How to Introduce Fish to Your Aquarium

For most hobbyists the most exciting part of setting up a new aquarium is buying and introducing the fish. Even when the filtration is mature, there is some debate as to whether you should add your fish all at once or in small batches over the ensuing weeks.

With freshwater tropicals, if the ‘daily feed’ maturation method has been used, all or the bulk of the population can be added at one time, provided they are fed only very lightly while the filter takes up the load. This also avoids the need for quarantining successive batches. With delicate marine organisms, however, one or two at a time is the golden rule. You can also put some grade a indian almond leaves in your aquarium.

When deciding what fishes to buy, remember not to exceed the permissible stocking density of the aquarium, and, in particular, take into account the fact that many fish are sold as young specimens and will grow! All calculations must therefore be made on the ultimate size of the fish, not size when purchased. Of course, the aquarist does not have to keep purchasing fish until the maximum stocking level is reached, but may decide to cease stocking at any time to maintain a particular display community.

aquarium fish How to Introduce Fish to Your Aquarium

Bagging and transportation

Fishes are normally packed in clear plastic bags, often in a brown paper outer or carrier bag so that the fish cannot see out and panic at finding themselves suspended in mid-air! Never carry fishes home ‘unshielded’, unless you want them to die immediately of shock.

Some fish bags have their corners rounded so that fishes cannot get trapped and injured in the ‘point’. If ordinary bags are used, it is worth asking to have bags ‘cornered’, i.e. the corners tied with rubber bands or taped off. A dealer who does this without your asking is a very good dealer indeed.

If you are travelling a long distance (say, over an hour), ask for the fish to be double-bagged, with oxygen. This will ensure that they arrive in good condition and not stressed by a shortage of oxygen in the travelling water. Two bags, one inside the other, will also safeguard against leaks. If you don’t already have one, ask the dealer for a polystyrene fish box. Place the bags in it, packing tiny spaces with crumpled newspaper to avoid excessive heal loss (or overheating) and disturbance while travelling.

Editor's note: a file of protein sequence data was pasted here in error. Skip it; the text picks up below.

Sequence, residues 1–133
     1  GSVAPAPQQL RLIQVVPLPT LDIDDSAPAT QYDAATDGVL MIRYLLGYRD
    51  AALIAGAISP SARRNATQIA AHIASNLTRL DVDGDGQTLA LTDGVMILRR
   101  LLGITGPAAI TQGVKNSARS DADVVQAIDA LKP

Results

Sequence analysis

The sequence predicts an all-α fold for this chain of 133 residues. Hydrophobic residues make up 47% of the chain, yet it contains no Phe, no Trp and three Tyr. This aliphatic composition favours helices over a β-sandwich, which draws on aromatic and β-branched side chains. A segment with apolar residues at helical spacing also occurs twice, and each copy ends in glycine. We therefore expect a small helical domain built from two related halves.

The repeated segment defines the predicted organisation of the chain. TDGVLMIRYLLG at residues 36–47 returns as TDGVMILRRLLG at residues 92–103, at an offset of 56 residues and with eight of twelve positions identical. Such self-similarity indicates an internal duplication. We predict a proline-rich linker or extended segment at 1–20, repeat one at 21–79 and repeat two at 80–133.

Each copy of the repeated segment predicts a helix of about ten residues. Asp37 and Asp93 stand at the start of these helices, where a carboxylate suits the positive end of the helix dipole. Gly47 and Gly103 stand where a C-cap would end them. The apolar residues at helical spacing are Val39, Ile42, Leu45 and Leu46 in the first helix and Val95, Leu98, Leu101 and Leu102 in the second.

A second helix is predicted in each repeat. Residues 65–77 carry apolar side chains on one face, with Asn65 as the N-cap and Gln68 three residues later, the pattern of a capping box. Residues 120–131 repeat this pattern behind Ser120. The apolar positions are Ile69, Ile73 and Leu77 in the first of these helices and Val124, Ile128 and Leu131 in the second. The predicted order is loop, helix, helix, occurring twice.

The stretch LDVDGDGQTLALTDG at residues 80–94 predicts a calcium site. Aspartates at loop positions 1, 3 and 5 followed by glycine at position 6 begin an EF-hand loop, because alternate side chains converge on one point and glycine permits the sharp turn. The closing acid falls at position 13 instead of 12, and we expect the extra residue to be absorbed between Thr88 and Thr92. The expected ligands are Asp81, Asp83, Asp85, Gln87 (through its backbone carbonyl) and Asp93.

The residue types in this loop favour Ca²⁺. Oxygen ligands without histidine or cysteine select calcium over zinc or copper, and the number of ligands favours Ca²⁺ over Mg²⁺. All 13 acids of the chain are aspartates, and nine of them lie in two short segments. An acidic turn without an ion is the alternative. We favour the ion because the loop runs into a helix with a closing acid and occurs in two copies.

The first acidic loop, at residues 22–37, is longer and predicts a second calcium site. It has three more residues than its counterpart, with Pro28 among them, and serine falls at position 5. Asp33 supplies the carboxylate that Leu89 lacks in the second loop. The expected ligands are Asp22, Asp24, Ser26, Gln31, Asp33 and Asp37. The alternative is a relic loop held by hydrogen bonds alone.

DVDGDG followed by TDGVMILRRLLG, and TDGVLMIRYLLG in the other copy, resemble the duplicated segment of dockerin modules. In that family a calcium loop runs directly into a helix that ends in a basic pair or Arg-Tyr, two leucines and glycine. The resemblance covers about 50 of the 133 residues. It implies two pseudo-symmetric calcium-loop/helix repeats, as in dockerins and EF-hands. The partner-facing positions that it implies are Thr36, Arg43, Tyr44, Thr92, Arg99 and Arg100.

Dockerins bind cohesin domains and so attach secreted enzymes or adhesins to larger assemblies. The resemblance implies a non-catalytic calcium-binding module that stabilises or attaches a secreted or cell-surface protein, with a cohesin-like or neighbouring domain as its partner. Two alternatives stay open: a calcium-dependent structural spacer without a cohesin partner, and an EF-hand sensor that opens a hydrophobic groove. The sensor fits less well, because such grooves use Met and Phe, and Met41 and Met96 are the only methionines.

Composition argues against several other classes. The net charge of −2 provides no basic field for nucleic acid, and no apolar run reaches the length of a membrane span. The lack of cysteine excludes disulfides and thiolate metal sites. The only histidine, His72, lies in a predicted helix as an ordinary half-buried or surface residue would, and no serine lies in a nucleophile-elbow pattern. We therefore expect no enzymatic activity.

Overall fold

On arriving at home, turn off the tank lights and undo the bags, then suspend them in the top of the aquarium while the water temperatures equalize. Some people may tell you to mix some aquarium water with that in the bag to avoid chemical shock, but with freshwater fish this achieves nothing, as it takes them 24 to 72 hours to adjust to any change in water chemistry, and any major change is likely to prove fatal whatever you do at this stage. You must ensure that there is no such major change. Try to keep stress to a minimum -the acclimatization period should be as short as possible, and the bags undone before they are placed in the tank (so they don’t have to be taken out again).

Once the temperatures have equalized, gently upend each bag so that the fish can swim out. Make sure that they have till done so!

Most fish will swim around quite happily in their new home after leaving the bag and the lights can be switched back on after an hour or so. However, a few may be stressed enough to lie on the bottom or hide among the plants. On no account should they be disturbed by prodding or poking. Leave them in peace, with the lights out, and it is very likely that they will be fine on inspection the next morning.

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